A zombie apocalypse is one thing. A volcanic eruption is quite another, for, as the journalist who does a framing voice-over narration for Brooks’ latest puts it, when Mount Rainier popped its cork, “it was the psychological aspect, the hyperbole-fueled hysteria that had ended up killing the most people.” Maybe, but the sasquatches whom the volcano displaced contributed to the statistics, too, if only out of self-defense. Brooks places the epicenter of the Bigfoot war in a high-tech hideaway populated by the kind of people you might find in a Jurassic Park franchise: the schmo who doesn’t know how to do much of anything but tries anyway, the well-intentioned bleeding heart, the know-it-all intellectual who turns out to know the wrong things, the immigrant with a tough backstory and an instinct for survival. Indeed, the novel does double duty as a survival manual, packed full of good advice—for instance, try not to get wounded, for “injury turns you from a giver to a taker. Taking up our resources, our time to care for you.” Brooks presents a case for making room for Bigfoot in the world while peppering his narrative with timely social criticism about bad behavior on the human side of the conflict: The explosion of Rainier might have been better forecast had the president not slashed the budget of the U.S. Geological Survey, leading to “immediate suspension of the National Volcano Early Warning System,” and there’s always someone around looking to monetize the natural disaster and the sasquatch-y onslaught that follows. Brooks is a pro at building suspense even if it plays out in some rather spectacularly yucky episodes, one involving a short spear that takes its name from “the sucking sound of pulling it out of the dead man’s heart and lungs.” Grossness aside, it puts you right there on the scene.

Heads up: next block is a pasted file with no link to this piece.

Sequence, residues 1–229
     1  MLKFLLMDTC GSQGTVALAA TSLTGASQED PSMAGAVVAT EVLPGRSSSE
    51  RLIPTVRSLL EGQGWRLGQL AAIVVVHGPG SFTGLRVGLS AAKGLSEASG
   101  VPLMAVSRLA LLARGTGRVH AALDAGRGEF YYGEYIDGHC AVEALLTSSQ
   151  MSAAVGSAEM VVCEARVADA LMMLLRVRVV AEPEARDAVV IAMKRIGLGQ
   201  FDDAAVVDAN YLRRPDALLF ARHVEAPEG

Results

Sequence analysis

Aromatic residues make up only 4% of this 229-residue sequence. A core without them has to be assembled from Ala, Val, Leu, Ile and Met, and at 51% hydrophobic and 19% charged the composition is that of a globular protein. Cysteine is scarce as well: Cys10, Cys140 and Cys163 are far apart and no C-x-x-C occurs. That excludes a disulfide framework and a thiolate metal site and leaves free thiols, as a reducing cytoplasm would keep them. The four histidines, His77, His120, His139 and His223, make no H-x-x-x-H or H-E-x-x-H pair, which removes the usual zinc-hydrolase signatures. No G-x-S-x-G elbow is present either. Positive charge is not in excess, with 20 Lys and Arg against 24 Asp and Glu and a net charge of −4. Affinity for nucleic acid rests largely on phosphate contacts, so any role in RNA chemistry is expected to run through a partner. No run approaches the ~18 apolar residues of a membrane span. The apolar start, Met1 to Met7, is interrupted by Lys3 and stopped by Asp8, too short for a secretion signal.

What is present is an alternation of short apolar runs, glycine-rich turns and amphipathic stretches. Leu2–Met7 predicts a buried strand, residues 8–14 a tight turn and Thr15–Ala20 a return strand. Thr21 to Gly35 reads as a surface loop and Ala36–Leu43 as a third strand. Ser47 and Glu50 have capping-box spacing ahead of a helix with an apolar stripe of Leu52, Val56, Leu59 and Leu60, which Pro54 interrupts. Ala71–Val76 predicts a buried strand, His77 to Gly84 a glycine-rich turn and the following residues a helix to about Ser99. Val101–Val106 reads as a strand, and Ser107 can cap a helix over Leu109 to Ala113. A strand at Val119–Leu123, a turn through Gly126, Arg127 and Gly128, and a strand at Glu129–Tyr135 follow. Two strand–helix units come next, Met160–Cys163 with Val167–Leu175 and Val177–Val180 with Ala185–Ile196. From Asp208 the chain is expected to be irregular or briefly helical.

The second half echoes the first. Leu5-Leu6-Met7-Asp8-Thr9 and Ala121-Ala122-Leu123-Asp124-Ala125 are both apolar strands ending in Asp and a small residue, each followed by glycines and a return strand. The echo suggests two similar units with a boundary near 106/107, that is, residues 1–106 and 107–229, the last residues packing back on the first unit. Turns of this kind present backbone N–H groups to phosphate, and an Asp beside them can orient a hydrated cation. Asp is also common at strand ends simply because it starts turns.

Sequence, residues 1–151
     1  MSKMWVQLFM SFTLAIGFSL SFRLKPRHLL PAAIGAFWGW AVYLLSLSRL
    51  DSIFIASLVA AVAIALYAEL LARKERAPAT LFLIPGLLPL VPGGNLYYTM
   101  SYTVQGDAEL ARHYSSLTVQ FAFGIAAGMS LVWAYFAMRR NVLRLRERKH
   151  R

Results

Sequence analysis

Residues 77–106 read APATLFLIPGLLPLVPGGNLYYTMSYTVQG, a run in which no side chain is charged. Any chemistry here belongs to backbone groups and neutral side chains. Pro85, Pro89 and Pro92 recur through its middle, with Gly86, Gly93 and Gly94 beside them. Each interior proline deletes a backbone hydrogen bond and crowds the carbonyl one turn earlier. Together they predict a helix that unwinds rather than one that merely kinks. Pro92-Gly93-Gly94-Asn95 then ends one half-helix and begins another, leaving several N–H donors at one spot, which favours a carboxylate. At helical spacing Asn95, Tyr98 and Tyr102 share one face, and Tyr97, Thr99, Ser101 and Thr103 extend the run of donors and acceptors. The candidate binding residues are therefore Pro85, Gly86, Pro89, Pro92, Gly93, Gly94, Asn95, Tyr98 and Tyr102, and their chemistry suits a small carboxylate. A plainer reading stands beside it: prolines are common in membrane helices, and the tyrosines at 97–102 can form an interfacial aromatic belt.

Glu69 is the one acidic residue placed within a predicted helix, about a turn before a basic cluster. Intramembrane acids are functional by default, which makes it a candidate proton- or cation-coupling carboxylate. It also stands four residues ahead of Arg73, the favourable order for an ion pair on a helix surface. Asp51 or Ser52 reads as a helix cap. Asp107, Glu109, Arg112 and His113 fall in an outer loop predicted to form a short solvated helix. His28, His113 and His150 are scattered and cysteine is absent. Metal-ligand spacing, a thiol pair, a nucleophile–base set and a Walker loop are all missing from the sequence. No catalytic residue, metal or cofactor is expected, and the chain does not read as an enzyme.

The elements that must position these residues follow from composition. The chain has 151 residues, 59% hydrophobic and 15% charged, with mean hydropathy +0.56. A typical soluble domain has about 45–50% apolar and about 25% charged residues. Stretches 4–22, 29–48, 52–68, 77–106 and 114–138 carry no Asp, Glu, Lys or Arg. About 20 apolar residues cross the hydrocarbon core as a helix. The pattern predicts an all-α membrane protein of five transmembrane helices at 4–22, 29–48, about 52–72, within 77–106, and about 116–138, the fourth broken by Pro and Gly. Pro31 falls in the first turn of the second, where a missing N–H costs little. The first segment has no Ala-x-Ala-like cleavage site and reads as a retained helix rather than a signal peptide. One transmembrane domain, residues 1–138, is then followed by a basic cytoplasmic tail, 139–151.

A tasty, if not always tasteful, tale of supernatural mayhem that fans of King and Crichton alike will enjoy.

Pub Date: June 16, 2020

ISBN: 978-1-9848-2678-7

Page Count: 304

Publisher: Del Rey/Ballantine

Review Posted Online: Feb. 10, 2020

Kirkus Reviews Issue: March 1, 2020

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Whitehead continues the African-American artists' inquiry into race mythology and history with rousing audacity and...

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THE UNDERGROUND RAILROAD

What if the metaphorical Underground Railroad had been an actual…underground railroad, complete with steam locomotive pulling a “dilapidated box car” along a subterranean nexus of steel tracks?